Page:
Running With Exercise-Induced Asthma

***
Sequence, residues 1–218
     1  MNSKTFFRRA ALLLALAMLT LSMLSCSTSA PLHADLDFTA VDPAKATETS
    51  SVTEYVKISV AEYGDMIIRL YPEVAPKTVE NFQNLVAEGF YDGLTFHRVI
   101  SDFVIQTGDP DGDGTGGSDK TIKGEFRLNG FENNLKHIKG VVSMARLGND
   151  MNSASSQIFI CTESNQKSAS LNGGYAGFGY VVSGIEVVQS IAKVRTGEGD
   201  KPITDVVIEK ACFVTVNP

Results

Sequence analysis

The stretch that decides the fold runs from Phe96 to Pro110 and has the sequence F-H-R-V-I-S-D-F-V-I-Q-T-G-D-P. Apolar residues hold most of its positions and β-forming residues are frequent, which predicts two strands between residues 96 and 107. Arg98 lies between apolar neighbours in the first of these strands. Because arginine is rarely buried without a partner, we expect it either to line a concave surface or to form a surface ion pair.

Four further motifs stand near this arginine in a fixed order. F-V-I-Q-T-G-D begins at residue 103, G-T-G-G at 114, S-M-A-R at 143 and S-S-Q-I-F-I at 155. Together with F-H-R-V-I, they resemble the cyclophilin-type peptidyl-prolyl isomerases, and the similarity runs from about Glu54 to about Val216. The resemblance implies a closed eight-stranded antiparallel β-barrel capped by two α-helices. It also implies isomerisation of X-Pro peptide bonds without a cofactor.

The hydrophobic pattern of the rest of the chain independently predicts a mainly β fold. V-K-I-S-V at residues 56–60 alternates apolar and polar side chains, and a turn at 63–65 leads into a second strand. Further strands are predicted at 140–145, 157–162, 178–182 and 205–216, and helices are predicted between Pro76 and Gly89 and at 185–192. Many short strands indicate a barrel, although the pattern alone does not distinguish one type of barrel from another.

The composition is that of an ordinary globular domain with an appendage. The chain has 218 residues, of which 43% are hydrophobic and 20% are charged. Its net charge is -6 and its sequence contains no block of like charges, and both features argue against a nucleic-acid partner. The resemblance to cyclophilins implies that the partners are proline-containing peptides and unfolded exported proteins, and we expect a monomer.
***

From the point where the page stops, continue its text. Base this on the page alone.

shutterstock_155466908By Tracey Ferdinand (@ALifeWellMade) Did you know that one in twelve Americans has asthma?  If you’ve been struggling with the chronic lung disease you’re not alone.  Exercise-induced asthma, which occurs after vigorous exercise, can lead to episodes of wheezing, chest tightness, and coughing.  Some researchers argue that regular exercise is one of the best ways to manage asthma.   It can strengthen your respiratory muscles and decrease the sensation of breathlessness.  Essentially, exercise improves your cardiorespiratory condition. Of course certain types of exercise may be more beneficial than others.  Running, for example, can be both good and bad taking into account the intensity, duration, and environment in which you run. So there’s the catch 22 of running with exercise-induced asthma.  You want to run to develop exercise tolerance. However, running can be one of the triggers that induce an asthma attack.  The trick is to create a safe exercise program with your doctor.  A good exercise program consists of properly controlling your asthma by taking medicine and executing your run routine carefully. Your doctor will probably prescribe a type of bronchodilator, which relaxes the muscles around the airways and/or corticosteroid, which reduces inflammation and mucus production inside the airways. In addition, opt for short-distance running instead of long distance.  Warm up then do a few sprints to get your lungs prepped. If you wheeze a bit during your warm up great!  That just means the chances of you actually having an attack during your run decreases.  Finally, try to run indoors to lessen the exposure to triggers such as pollen or cold air.  If you have to run outside check the pollen levels first.  If you have to run in the cold, wear a facemask designed to warm up the air before it reaches your lungs. Tracey Ferdinand is committed to effecting social change through personal health transformations by promoting physical, mental, and spiritual wellbeing.  A self-love disciple, her writing encourages women of color to cultivate vibrant lives prioritizing self-care. Stop by her website at www.ALifeWellMade.com and visit her on instagram @ALifeWellMade.  


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